October 18, 2014 (Sat): Recently Google announced a new vulnerability in the SSL protocol used for web encryption. The vulnerability can only be triggered in a protocol from the 1990s, which has been replaced by more secure versions yet 98% of all web servers still support using the older protocol. Here is why we should be less worried about backward compatibility and be more concerned with implementing stronger web security protocols.
POODLE, as the vulnerability is called, allows an attacker to gain access to encrypted information, such as session cookies. Once this information is gained an attacker could then masquerade as the user. The attack is achieved by modifying the padding bytes in the Cipher Block Chaining (CBC) algorithms used by SSL. By modifying the padding there is a 1 in 256 chance that it will reveal, one byte of the original message. Over enough sessions an attacker could gain a complete session cookie. This means that an attacker must be capable of performing MitM attacks and that they can force the victim to make thousands of requests. Admittedly, the conditions required to exploit this bug sound a bit improbable however, various malicious scripts could help attackers force multiple sessions so this issue shouldn’t be overlooked.
The vulnerability only exists in the SSLv3 security protocol. SSLv3 has been around since 1996 when it was first introduced to address serious vulnerabilities in SSLv2 and was superseded by TLSv1 in 1999.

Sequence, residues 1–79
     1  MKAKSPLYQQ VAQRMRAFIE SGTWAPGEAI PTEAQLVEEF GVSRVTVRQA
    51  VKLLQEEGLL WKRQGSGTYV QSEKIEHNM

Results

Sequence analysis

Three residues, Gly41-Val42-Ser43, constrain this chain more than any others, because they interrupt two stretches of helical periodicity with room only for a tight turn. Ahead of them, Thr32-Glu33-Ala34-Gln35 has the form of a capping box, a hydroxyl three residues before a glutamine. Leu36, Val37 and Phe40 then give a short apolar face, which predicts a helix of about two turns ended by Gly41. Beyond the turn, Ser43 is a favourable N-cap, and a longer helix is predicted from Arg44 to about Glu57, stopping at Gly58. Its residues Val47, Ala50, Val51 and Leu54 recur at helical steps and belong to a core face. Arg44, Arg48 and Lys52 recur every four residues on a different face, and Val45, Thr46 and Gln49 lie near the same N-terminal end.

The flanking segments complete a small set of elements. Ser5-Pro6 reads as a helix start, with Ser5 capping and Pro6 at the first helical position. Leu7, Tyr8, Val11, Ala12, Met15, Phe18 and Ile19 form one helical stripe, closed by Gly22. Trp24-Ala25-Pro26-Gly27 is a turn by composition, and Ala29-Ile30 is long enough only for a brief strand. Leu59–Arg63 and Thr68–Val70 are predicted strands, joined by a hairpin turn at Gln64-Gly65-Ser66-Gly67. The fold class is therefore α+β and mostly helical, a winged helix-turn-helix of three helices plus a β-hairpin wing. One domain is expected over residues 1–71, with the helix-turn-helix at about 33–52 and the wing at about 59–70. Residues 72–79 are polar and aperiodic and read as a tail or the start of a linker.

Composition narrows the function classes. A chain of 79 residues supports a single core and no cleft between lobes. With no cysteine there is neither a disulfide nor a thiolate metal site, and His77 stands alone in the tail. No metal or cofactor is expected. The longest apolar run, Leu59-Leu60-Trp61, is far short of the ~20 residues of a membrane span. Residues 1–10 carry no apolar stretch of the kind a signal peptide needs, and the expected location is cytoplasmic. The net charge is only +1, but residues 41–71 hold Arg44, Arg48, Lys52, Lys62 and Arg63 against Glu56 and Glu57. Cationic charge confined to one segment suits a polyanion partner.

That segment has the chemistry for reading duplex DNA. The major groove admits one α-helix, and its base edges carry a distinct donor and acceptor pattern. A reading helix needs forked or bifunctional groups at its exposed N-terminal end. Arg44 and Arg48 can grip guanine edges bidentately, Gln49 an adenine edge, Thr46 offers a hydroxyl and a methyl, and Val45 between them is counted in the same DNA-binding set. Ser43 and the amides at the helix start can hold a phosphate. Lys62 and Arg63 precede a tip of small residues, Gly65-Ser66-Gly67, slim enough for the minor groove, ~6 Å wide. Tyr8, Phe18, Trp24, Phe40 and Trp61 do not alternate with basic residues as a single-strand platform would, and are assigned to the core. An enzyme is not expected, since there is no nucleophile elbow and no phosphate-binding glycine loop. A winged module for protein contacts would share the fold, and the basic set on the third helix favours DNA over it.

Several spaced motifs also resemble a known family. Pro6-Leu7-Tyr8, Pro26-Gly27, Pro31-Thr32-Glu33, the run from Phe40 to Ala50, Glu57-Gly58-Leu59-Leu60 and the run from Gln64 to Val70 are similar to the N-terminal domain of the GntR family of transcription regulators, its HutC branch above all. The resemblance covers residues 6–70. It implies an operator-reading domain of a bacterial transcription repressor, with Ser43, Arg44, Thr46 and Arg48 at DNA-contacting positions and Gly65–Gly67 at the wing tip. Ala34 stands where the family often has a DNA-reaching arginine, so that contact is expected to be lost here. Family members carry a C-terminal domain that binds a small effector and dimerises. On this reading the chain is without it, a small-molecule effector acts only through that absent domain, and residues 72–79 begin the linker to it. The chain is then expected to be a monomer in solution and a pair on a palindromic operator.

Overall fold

The latest official version is TLS 1.2 that was released in 2008 while TLS 1.3 is currently in draft to be release sometime in the near future. All that being said, SSLv3 is almost 15 years old which makes it ancient in cryptography years, yet a recent survey shows that 98% of servers still support it!
Servers still advertise SSLv3 in fear that web browsers don’t support TLSv1 or higher. However, the truth is since 2000 every major browser included support for TLSv1 or better and most have included support for it from their initial release! The latest major browser to be released without TLSv1 support was Opera series 4, released in 2000. The fact that servers are still supporting this is a shame. Are we really worried that someone is still running Windows 95/98/ME? The POODLE vulnerability shouldn’t even be a concern yet it is because servers are supporting this obsolete protocol. Isn’t time we put this old dog to rest?
Tests have shown the impact of disabling SSLv3 to be minimal. Users on Windows XP machines with Internet Explorer 6 saw the largest effect since TLSv1 is disabled by default on unpatched XP computers. However, Internet Explorer 6 browsers account for less then a tenth of a percent of all web traffic we see. Regardless, SSLv3 should be disabled to prevent clients from gaining a false sense of security.
Written by Waylon Grange, Senior Malware Researcher at Blue Coat Systems.